THERE ARE THOUSANDS AND THOUSANDS OF FOOD BLOGS, BUT ONLY ONE CULINARY NO-NO!
A Culinary no-no. A food item this blogger deems as a taboo, off limits, and on this Super Bowl Sunday, out of bounds.
And isn’t it ironic I recently discovered that in the process of writing a weekly Culinary no-no feature starting before Obama was president I’ve probably been guilty, guilty of dozens, possibly hundreds of Culinary no-no violations.
More on that coming up. First, some brief history about the Culinary no-no.
Father’s Day 2007, a beautiful summer day, I wrote about grilling brats. And eating brats. And topping those brats. I was inspired by my wife, Jennifer who, in my admittedly unscientific opinion, ruins brats by squirting…ketchup on them.
Other dining taboos quickly came to mind. The original idea was to take this concept only a few months, till the end of summer and then pull the plug. There are tons of food blogs, but not that many (one?) that go the opposite direction.
Then the unexpected happened. People started reading Culinary no-no. Lots of folks. Why? To this day, I honestly don’t know, but this effort over the years has consistently been one of my most-widely read pieces.
Back to this week’s installment.
You’ve heard of the term, “food porn,” haven’t you?
No, that’s not it.
Close-up images of juicy, delicious food in advertisements; taking pictures of delicious foods s and proliferating them throughout various social media websites.
That’s food porn. Here are some examples.
Eggs Florentine popover with crispy pulled ham
Surf and turf
Cheese Stuffed Meatballs
Sweet cinnamon peach bread pudding
I first blogged on the old FranklinNOW.com website (now mysouthnow.com) in 2007 and continued until last March when the site dropped all bloggers. My friend and colleague, Mark Maley was the manager of the blog sites when I started, a veteran print journalist who advised me to use pictures and photos whenever I could to enhance my posts.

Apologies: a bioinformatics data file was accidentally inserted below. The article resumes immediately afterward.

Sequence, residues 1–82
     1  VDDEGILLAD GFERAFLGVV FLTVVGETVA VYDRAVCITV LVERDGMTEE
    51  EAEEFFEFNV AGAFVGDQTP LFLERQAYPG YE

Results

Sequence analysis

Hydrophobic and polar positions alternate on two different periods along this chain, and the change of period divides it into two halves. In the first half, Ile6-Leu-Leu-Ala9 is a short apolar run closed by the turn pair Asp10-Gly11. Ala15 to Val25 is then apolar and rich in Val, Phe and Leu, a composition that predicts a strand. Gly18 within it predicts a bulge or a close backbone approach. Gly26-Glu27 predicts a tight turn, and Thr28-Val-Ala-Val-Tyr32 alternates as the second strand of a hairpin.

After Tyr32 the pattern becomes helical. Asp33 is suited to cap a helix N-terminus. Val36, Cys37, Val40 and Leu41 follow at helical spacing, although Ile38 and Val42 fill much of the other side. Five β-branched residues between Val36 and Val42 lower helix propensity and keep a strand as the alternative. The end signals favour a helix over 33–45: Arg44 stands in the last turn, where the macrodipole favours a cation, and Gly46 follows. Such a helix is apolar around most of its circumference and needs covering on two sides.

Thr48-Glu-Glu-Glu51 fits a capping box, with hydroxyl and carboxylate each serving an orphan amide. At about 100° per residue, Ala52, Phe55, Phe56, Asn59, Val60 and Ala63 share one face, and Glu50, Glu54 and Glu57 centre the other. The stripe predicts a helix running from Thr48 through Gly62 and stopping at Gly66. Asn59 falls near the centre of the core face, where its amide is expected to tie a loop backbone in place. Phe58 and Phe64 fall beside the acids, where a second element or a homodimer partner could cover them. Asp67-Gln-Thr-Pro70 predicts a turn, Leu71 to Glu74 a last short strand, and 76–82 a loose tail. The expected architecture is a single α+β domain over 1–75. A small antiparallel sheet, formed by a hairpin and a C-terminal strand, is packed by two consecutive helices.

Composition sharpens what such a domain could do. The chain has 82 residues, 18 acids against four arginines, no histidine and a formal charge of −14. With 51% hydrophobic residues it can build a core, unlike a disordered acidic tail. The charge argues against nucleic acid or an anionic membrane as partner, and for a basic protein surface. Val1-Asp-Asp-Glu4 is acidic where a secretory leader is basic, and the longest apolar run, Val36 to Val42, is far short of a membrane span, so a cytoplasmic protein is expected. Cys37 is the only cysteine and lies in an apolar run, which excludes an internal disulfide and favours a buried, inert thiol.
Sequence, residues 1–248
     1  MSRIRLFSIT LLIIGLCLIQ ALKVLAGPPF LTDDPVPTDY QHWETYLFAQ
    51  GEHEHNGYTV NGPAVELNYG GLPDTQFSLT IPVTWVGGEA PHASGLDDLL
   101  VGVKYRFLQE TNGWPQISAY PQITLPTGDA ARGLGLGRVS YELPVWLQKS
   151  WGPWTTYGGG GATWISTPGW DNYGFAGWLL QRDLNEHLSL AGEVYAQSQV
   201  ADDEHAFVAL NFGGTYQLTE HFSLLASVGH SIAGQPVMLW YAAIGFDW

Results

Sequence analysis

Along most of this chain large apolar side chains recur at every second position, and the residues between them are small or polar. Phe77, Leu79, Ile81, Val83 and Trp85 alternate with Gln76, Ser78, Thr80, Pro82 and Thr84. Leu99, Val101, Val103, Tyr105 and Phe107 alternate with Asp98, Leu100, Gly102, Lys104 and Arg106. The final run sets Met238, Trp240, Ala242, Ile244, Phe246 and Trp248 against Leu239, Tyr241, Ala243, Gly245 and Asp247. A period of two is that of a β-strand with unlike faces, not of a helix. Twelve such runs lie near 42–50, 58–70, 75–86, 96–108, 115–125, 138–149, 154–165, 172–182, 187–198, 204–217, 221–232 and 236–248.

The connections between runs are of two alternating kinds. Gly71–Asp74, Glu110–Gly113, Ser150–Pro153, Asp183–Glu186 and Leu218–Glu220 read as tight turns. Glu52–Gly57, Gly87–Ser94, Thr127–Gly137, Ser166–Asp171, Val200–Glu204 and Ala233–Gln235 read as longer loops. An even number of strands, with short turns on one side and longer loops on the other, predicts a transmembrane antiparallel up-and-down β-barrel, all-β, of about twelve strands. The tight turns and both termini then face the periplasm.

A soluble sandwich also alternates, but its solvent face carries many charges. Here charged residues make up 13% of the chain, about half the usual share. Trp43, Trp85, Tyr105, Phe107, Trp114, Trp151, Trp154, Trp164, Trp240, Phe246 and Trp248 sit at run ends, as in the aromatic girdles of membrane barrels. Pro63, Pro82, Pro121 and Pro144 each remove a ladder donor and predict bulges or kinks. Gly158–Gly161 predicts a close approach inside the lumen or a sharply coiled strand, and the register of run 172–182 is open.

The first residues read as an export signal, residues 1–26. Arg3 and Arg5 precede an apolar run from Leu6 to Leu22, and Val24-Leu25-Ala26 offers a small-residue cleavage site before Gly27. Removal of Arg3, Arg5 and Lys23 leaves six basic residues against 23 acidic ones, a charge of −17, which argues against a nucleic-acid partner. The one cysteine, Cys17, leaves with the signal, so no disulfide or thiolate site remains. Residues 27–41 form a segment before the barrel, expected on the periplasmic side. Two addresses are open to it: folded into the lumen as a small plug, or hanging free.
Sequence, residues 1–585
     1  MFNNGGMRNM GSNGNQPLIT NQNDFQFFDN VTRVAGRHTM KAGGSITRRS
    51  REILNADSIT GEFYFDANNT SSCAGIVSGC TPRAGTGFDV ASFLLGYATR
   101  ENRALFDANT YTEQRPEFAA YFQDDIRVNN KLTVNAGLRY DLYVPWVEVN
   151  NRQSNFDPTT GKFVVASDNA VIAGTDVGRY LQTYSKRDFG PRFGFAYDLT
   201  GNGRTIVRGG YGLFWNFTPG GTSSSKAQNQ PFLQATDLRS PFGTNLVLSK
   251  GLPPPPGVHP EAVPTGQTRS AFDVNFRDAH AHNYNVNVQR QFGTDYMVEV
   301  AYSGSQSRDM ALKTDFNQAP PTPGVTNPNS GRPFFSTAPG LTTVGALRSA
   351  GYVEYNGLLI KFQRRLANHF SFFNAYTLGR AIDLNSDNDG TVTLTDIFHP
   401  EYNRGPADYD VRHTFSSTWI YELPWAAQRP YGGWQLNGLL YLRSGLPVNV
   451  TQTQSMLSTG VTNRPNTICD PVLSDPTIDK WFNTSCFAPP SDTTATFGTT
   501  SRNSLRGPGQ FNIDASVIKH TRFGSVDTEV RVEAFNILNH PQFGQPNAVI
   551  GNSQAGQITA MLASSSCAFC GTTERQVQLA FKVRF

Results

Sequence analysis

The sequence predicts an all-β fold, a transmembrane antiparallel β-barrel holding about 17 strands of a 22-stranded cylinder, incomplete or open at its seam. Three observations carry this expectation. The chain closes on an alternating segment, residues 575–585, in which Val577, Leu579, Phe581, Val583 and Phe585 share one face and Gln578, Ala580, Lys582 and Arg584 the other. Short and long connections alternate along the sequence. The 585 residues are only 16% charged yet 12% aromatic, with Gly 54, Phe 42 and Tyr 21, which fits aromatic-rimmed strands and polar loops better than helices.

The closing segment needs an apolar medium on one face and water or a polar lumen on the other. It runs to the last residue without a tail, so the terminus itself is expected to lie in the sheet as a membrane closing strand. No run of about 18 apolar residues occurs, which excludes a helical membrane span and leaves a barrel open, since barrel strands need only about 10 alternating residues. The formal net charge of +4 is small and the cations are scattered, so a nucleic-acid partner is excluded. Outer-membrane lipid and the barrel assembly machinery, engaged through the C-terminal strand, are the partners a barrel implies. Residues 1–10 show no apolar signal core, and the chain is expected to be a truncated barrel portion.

It’s advice I’ve taken seriously. In over 500 Culinary no-no posts I’ve included countless images that qualify as food porn.
Not exactly new but new to me are studies that conclude just looking at the porn I’ve posted above will make you hungry, and that can only be bad news. A December 2016 study, “Eating with our eyes: From visual hunger to digital satiation,” is outlined on sciencedirect.com.
The growing obesity crisis is but one of the signs that humankind is not doing such a great job in terms of optimizing the contemporary food landscape. While the blame here is often put at the doors of the global food companies – offering addictive foods, designed to hit ‘the bliss point’ in terms of the pleasurable ingredients (sugar, salt, fat, etc.), and the ease of access to calorie-rich foods – we wonder whether there aren’t other implicit cues in our environments that might be triggering hunger more often than is perhaps good for us. Here, we take a closer look at the potential role of vision; Specifically, we question the impact that our increasing exposure to images of desirable foods (what is often labelled ‘food porn’, or ‘gastroporn’) via digital interfaces might be having, and ask whether it might not inadvertently be exacerbating our desire for food (what we call ‘visual hunger’).
Given the current obesity crisis, it would seem advisable to pay particular attention to any environmental factor that may influence our relation to food, and potentially sensitize the brain to food stimuli. According to the body of research that has been outlined here, one candidate factor that most certainly deserves a closer look is the increasing prevalence of high fat food images that surround us in both the real and virtual food landscape. Crucially, the question that has yet to receive a satisfactory answer is just what the impact of all those appealing food images is having on the consumption behaviour of those in the Western world who are both flooded with opportunities to eat, and at the same time bombarded with gastroporn.
An old comical line/lament is that a poor soul gains weight just by looking at (fill in yummy but fattening food).
But wait. From greatist.com:
What about photos of healthy food? Surely they can’t be as hazardous to our health as their butter- and sugar-filled peers. Shouldn’t taking and looking at pictures of the healthy stuff have a positive impact on our health habits?
Interesting. But I’m not sure those would fall under the definition of food porn.
So, as long as I keep doing a Culinary no-no, the images that portray food in a very appetizing or aesthetically appealing way will continue. You’ve been warned.
CULINARY NO-NO BONUSES